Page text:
If she'd waited a year or whatever to open, she wouldn't have been able to get this space that she wanted and if, by chance it was still available, there's no way she would've been able to get it for the same cost. It's near the movie theater and there's now plans in place to build a Brunswick Zone (giant bowling alley/fun center) in the open field in front of the theater. Upping the traffic significantly - also upping the price for new tenants in the area.

I was still going to both shops but eventually stopped going to K's place. I couldn't stand to listen to her. She would complain to anyone within earshot about the new store. She would bad mouth and spill bitterness in your ear every chance it came up. And believe me, if it didn't come up, she'd bring it up. I asked her why she was so mad at J in particular and K told me that J had her P&L's and used those to open her own place. With the dealings I had with K, trying to get paperwork out of her was like pulling teeth and I'm pretty sure whatever J might've had, wasn't all that accurate (if it's anything like what K gave me) and like I've already said, for the price K was asking? I would've done the same thing J did if I'd had the resources.

The last time I went into K's, she was at it again. Bitter, bitter, bitter. Complain, complain, complain. I couldn't take it anymore and finally told her, "K. Stop. You have to stop this! You guys aren't that far apart physically [about 2 miles, but in Parker, it's a world away] but you have completely different styles and Parker is only growing so there's plenty of business for everyone! You don't even carry the same stuff."

K: Well, well...she's carrying Berroco and Lamb's Pride. And she has Rowan and I don't know how she swung that since Rowan has territories. The Berroco guy told me she straight up lied about where her shop was going to be.
Me: OK. Let's be reasonable here. Every yarn store carries Berroco and Lamb's Pride and the Berroco yarns she has are completely different types then what you have! Rowan hasn't had territories in over a year now and like the Berroco, she has different Rowan yarns. And as far as the Berroco guy "lying", he's just covering his ass (or trying to avoid confrontation). I mean think about it, K, he had to ship that yarn somewhere and I'm sure he's got access to MapQuest. You have to stop worrying about her and run your business like a business.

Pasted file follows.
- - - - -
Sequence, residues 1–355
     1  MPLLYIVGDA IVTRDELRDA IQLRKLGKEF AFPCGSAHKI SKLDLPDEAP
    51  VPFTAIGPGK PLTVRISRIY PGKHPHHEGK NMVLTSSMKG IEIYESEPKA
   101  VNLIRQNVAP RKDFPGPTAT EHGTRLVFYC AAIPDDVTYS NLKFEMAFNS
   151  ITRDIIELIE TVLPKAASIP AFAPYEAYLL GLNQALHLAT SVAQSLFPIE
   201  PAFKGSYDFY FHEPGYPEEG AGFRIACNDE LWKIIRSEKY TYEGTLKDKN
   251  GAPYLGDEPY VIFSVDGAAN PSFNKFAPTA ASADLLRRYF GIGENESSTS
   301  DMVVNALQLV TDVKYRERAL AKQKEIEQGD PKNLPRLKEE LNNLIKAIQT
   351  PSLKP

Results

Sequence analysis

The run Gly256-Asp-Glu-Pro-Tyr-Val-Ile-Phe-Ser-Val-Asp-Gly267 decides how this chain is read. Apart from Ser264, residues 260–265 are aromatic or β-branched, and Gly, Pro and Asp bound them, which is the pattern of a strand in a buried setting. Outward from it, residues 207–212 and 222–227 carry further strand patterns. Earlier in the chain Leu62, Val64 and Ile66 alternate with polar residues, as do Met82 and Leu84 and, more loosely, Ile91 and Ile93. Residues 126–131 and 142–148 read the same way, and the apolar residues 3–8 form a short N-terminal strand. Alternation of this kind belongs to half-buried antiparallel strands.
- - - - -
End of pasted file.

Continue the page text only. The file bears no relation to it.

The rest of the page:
After that, I stopped going to K.'s except for sales. The next sale I went to was a month after the conversation I'd had with her. I went because I wanted to get some Rowan (the only time I buy Rowan is on sale!) but it was all gone. I asked her where it was and she said she'd sent it back to Rowan - she didn't like the way they did business. She was always doing stuff like that. It seems like shooting yourself in the foot to me.

K closed her doors last month. Here's the letter she sent out about her closing:

Dear Friends of YarnArts:

As many of you already know, I have for quite a while been wanting to get out of the retail business to spend more time with my wonderful supportive husband and three children whom I adore.

So many people have asked me not to close because they love the cozy atmosphere and friendly, caring social aspects. But I stayed open mostly for the fantastic loyal friends that have helped me out at the store these past three years.

Sophia, Hanny, Pixie, Nancy, Kristina, Kathryn... I can't say "thank you" enough. I feel I have been truly blessed with their support and integrity of these trusting and honorable "gems" as one customer called them. You are all op-notch ladies with so much talent and willingness to help others, I could not have done it without you. Now, for the first time in three years, I will have some free time to actually learn from your awesome knitting and crochet artistry teachings.

Over the years I have met many wonderful customers, whom I now consider friends. Thank you for your patronage, it has been my honor and pleasure to serve the "commuKnitty". It's been an exciting and interesting ride, and I have learned many lessons about business (including how cutthroat it can be at times). I'm simply not competitive enough to play like that, it's not in my nature, nor do I have the desire to be like that. Many people have asked me what I want to do next. That's easy, I wish to take a walk to remember and smell the roses with my family and friends.

All my best wishes to those of you who have supported YarnArts. Thank you so very much.


It makes me sad that she had to get that last little dig in. "Cutthroat"?? "Competitive"? Really? J is the least cutthroat or competitive person I've met. When people would come into her shop and say that they were sad that K's place had closed, J would say, "Oh she's not closed! She just moved!" and would tell them how to get to K's new location (which also means that roughly 3 months after K moved, people still didn't know she'd moved and not closed). J would also refer people to K's (or any other store) for things K carried that J didn't have.